Portrait of Paul Zak

Paul J. Zak is a professor at Claremont Graduate University and is ranked in the top 0.3% of most cited scientists with over 180 published papers and more than 19,000 citations to his research. Zak’s two decades of research have taken him from the Pentagon to Fortune 50 boardrooms to the rainforest of Papua New Guinea.  Along the way he helped start a number of interdisciplinary fields including neuroeconomics, neuromanagement, and neuromarketing.  He has written three general audience books and is a regular TED speaker.

His latest book, Immersion: The Science of the Extraordinary and Source of Happiness (2022), identifies the neurologic basis for extraordinary experiences and uses 50,000 brain measurements to show readers how to create high-impact marketing, entertainment, training, customer experiences, and employee experiences.  The book shows that extraordinary experiences drive up customer lifetime value and provide the neurologic foundation for increased individual happiness.

Zak’s other books are Trust Factor: The Science of Creating High Performance Companies (2017) and The Moral Molecule: The Source of Love and Prosperity (2012).  Trust Factor applies neuroscience to efficiently build high-performance organizations by creating a culture of trust. The Moral Molecule received much attention for Zak’s discovery of the key role played by the neurochemical oxytocin to explain virtuous behaviors and happiness.

Zak delivered a TED Talk titled “Trust, Morality—and Oxytocin?” in 2011 that has been viewed two million times. He also co-founded the first neuroscience-as-a-service (NaaS) company, Immersion Neuroscience.

After receiving his BA in mathematics and economics from San Diego State University, Zak completed his doctorate in economics at the University of Pennsylvania and completed post-doctoral training in neuroimaging at Harvard University. Zak has taught at Caltech, Arizona State University, UC Riverside, and USC Law. At CGU, Zak directs the Center for Neuroeconomics Studies.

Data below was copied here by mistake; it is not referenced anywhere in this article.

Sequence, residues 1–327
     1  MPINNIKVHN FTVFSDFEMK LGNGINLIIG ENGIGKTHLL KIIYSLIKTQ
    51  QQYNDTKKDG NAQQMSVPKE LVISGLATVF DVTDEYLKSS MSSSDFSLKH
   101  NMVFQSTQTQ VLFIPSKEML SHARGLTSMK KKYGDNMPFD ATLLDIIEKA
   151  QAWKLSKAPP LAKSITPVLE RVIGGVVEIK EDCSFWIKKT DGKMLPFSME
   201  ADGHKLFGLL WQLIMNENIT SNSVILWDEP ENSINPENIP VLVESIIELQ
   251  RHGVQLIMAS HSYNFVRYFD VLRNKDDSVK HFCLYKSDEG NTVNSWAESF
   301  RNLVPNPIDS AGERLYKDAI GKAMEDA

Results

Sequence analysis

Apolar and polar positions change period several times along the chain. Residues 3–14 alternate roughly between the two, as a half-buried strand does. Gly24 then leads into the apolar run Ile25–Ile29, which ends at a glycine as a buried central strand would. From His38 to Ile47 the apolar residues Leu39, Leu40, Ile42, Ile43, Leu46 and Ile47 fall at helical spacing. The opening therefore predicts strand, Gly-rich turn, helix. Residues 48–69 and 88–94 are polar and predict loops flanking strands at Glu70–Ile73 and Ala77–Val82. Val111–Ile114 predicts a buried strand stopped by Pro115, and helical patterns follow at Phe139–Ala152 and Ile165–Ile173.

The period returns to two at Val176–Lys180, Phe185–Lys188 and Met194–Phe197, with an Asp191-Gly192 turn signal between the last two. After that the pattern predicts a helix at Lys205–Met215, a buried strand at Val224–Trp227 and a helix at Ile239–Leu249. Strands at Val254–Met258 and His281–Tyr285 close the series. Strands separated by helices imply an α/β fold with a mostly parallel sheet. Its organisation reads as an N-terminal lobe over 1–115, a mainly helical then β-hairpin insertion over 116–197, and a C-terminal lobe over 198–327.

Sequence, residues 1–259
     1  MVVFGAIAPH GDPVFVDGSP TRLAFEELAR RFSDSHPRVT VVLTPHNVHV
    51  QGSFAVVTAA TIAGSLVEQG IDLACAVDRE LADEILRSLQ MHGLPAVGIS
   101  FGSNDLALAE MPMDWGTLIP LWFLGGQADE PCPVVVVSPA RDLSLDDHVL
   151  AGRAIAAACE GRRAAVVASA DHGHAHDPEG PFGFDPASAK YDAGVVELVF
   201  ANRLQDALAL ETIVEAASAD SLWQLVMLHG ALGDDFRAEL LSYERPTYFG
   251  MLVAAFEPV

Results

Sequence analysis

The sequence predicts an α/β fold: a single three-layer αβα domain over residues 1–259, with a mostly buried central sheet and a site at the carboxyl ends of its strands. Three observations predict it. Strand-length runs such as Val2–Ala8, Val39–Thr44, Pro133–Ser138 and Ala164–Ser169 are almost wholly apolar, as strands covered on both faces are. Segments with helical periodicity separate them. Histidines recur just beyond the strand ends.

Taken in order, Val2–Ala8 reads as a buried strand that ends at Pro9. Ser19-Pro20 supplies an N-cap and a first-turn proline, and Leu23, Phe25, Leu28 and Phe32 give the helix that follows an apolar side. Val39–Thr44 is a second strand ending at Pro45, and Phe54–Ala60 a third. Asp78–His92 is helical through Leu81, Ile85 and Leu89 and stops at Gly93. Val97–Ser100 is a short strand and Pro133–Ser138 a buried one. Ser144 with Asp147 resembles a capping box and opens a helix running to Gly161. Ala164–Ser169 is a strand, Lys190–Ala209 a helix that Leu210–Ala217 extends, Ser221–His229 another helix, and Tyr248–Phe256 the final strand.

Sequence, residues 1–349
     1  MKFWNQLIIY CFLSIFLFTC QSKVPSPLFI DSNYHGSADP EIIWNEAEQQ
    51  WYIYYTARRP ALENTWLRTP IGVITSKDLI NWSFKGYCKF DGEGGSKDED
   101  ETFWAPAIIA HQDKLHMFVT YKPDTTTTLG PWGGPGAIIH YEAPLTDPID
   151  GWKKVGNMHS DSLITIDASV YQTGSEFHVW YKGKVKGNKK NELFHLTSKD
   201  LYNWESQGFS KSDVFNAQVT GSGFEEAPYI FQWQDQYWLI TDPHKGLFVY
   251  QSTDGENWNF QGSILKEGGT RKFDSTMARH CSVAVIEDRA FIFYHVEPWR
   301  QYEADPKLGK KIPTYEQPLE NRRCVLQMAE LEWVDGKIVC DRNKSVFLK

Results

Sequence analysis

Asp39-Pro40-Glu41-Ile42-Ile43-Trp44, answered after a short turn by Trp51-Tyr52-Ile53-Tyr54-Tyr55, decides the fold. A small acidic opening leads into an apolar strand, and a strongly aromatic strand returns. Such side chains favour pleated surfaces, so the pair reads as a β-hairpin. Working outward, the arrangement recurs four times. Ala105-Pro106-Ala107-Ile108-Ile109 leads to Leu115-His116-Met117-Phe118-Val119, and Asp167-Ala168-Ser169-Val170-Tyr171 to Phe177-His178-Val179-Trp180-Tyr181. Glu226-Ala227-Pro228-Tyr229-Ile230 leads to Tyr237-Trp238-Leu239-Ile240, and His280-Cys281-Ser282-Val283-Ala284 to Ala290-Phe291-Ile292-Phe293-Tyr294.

Co-authored with Bashir, S., Alexander, V., Jiao, P., Johnson, C., & Nadler, A. (2022). Supraphysiologic testosterone increases proactive aggression in the power-to-take game. Journal of Neuroscience, Psychology, and Economics.

Co-authored with Merritt, S. H., Krouse, M., & Alogaily, R. S. (2022). Continuous Neurophysiologic Data Accurately Predict Mood and Energy in the Elderly. Brain Sciences. https://doi.org/10.3390/brainsci12091240

The Neuroscience of Customer Experience (2022). MIT Sloan Management Review, 63(4).

Co-authored with Curry, B., Owen, T., & Barraza, J.A. (2022). Oxytocin Release Increases with Age and is Associated with Life Satisfaction and Prosocial Behaviors. Frontiers in Behavioral Neuroscience, 119. https://doi.org/10.3389/fnbeh.2022.846234

Co-authored with Barraza, J. A., Hu, X., Zahedzadeh, G., & Murray, J. (2022). Predicting Dishonesty When the Stakes Are High: Physiologic Responses During Face-to-Face Interactions Identifies Who Reneges on Promises to CooperateFrontiers in Behavioral Neuroscience 15. https://doi.org/10.3389/fnbeh.2021.787905

Co-authored with Johannsen, R. (2021). The Neuroscience of Organizational Trust and Business Performance: Findings from US Working Adults and an Intervention at an Online RetailerFrontiers in Psychology: Organizational Psychology, 11, 3858.

Neurological Correlates Allow Us to Predict Human BehaviorThe Scientist. Oct. 1. (2020)

How our brains decide when to trust. Harvard Business Review, July 18. (2019)

The neuroscience of trust. Harvard Business Review, January. (2017)

Why your brain loves good storytelling. Harvard Business Review. October (2015)

The neurobiology of trust (2008). Scientific American, June: 88-95.

Co-authored with Stanton, A. A. & Ahmadi, S. (2007). Oxytocin increases generosity in humans. Public Library of Science ONE 2(11): e1128.

Co-authored with Kosfeld, M., Heinrichs, M., Fischbacher, U. & Fehr, E. (2005). Oxytocin increases trust in humans. Nature, 435(2): 673-676.

Co-authored with Kurzban, R. & Matzner, W. T. (2005). Oxytocin is associated with human trustworthiness. Hormones and Behavior, (48): 522-527.

Neuroeconomics (2004). Philosophical Transactions of the Royal Society B (Biology), 359(1451), 1737-1748.

Co-authored with Kurzban, R. & Matzner, W. T. (2004). The neurobiology of trust. Annals of the New York. Academy of Sciences, 1032: 224-227.

Co-authored with Knack, S. (2001). Trust and Growth.  The Economic Journal. 111: 295-321.

The Behavioral Neuroscience of Decision Making
Designing High-Performance Organizations Using Neuroscience